OVER 25 leaders from “the G20, G7 and from every region” have unanimously called for an international treaty for pandemic preparedness and response, the World Health Organisation (WHO) chief said.
“The pandemic treaty would be a generational commitment to keeping the world safe from new pathogens with pandemic potential in the future,” Xinhua news agency quoted WHO Director-General Tedros Adhanom Ghebreyesus while addressing a presser on Thursday.
Ghebreyesus said that there is “an acknowledgement and humility from those leaders that collectively the world was not prepared for the first coronavirus pandemic ever seen and that going forward we must collectively do better in future outbreaks.”
Globally, COVID-19 has infected nearly 129 million people and claimed 2.83 million lives so far. The world leaders, this week, joined the call for a pandemic treaty, which aims to prepare the world for new pathogens with pandemic potential in the future, which, according to Ghebreyesus, is “not a matter of if but when”, the report said.
Earlier on Wednesday, the WHO in a statement said that the COVID-19 pandemic is the biggest challenge to the global community since the 1940s, and that no single Government or multilateral agency can address other pandemics and major health emergencies in the future.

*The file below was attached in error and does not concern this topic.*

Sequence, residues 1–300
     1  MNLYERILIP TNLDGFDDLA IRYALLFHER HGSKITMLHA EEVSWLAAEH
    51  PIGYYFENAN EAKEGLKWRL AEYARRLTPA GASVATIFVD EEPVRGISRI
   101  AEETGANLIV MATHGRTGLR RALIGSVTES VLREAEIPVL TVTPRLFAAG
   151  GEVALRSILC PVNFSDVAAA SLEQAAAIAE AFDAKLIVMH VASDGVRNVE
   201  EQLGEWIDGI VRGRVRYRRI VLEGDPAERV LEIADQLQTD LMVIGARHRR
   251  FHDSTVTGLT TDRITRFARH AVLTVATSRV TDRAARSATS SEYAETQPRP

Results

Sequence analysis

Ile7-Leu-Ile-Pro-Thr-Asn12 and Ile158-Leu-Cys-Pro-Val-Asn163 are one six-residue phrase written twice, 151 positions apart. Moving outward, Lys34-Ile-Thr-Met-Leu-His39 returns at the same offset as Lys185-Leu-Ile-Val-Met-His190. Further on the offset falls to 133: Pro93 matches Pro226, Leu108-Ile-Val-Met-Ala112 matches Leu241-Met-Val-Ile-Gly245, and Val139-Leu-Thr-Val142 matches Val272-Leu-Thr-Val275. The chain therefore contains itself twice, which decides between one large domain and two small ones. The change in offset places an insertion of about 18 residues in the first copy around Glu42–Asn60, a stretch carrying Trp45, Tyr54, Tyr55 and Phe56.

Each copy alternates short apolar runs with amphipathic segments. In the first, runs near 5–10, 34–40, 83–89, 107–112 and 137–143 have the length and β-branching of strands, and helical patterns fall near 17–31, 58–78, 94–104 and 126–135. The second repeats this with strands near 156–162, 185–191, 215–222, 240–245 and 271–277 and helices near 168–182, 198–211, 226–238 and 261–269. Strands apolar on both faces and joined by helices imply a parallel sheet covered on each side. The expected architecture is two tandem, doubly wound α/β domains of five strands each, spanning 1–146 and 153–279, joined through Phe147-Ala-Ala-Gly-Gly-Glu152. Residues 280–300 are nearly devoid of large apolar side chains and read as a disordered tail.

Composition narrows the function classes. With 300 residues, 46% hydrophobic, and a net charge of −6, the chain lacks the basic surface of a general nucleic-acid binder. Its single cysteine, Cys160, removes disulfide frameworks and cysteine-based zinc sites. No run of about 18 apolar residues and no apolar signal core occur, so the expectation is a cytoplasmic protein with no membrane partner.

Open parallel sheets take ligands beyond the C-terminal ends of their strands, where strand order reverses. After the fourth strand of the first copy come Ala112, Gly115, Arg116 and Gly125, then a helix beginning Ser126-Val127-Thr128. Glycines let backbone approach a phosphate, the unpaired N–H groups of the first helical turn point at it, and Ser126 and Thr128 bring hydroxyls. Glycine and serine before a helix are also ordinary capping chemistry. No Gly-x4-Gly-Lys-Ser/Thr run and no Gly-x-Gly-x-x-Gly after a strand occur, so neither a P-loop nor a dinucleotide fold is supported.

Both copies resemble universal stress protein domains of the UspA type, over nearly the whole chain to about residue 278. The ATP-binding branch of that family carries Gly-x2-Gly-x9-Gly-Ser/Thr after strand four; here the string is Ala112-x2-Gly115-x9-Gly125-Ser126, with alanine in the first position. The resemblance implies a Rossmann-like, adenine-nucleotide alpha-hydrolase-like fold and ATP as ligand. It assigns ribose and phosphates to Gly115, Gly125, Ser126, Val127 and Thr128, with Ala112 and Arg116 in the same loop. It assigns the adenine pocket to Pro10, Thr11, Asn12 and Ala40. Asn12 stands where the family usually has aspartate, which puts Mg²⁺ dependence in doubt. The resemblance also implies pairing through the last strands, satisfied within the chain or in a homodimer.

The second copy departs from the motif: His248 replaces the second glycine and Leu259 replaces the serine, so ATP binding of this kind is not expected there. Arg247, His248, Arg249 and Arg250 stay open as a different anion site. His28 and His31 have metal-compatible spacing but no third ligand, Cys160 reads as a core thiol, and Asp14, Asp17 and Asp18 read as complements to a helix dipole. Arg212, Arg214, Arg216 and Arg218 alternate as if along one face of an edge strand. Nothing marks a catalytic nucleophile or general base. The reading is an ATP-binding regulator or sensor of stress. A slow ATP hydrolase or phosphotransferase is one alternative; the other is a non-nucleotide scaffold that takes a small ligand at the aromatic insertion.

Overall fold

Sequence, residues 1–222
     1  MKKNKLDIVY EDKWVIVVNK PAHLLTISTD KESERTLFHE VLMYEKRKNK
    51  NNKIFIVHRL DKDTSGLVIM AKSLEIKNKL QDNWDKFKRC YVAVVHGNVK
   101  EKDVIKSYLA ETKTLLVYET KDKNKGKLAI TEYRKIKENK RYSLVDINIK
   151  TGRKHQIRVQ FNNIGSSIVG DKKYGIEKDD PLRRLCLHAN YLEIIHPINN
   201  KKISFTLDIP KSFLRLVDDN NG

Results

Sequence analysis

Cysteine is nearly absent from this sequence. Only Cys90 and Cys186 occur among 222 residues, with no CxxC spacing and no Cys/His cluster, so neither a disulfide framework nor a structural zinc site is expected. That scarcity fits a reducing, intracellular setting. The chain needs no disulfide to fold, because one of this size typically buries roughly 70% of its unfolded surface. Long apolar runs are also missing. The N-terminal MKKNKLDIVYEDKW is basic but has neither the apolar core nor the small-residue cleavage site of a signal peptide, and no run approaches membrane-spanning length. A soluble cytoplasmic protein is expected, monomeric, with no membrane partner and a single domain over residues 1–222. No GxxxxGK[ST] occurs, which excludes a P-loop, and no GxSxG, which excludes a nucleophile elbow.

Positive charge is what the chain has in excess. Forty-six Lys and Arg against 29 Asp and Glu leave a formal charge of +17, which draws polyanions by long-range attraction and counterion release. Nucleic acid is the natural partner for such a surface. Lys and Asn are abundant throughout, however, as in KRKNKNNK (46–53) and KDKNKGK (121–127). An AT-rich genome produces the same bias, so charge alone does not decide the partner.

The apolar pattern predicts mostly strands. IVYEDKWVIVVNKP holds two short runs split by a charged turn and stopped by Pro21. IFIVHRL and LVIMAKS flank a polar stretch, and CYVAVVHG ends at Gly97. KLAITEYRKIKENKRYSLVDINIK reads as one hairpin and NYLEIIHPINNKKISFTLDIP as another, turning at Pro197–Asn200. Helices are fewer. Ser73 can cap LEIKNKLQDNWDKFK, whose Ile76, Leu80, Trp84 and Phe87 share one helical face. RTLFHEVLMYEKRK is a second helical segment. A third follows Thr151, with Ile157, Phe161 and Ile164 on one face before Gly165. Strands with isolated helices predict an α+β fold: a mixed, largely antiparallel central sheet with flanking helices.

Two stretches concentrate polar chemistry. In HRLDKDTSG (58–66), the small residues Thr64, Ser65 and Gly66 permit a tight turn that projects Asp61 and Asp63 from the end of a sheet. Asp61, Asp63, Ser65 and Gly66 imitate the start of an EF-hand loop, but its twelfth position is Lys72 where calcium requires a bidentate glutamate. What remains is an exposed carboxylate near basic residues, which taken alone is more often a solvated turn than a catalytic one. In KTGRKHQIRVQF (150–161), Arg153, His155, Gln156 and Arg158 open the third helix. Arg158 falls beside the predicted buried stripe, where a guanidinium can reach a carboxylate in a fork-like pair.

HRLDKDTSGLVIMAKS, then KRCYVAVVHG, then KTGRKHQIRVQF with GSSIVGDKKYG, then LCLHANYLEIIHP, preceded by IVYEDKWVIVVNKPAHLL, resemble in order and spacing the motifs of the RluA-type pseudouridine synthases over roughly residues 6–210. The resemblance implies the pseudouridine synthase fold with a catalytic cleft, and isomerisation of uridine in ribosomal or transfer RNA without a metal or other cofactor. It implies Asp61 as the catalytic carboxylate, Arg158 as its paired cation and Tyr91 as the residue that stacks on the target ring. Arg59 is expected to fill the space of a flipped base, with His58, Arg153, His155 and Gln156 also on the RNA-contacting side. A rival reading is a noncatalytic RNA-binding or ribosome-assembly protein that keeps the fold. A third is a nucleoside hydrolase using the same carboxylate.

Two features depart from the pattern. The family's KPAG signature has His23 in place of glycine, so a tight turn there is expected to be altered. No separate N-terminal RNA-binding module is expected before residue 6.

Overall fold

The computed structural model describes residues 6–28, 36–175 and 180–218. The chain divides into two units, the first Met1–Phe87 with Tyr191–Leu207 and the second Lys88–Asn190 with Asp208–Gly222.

India ‘fully supports’ WHO’s call for China to share data on COVID-19 origins
INDIA on Thursday said that it fully supports the World Health Organisation Director-General Tedros Adhanom’s expectation that future collaborative studies will include more timely and comprehensive data sharing but raised concerns over China’s delaying tactics and lack of access to “complete, original data and samples”.
Tedros, who has been accused of complacency towards China, hardened his tone acknowledging the concerns about China’s refusal to share raw data about early COVID-19 cases.
He conceded the international experts faced problems with data access in Wuhan. “In my discussions with the team, they expressed the difficulties they encountered in accessing raw data. I expect future collaborative studies to include more timely and comprehensive data sharing,” he said.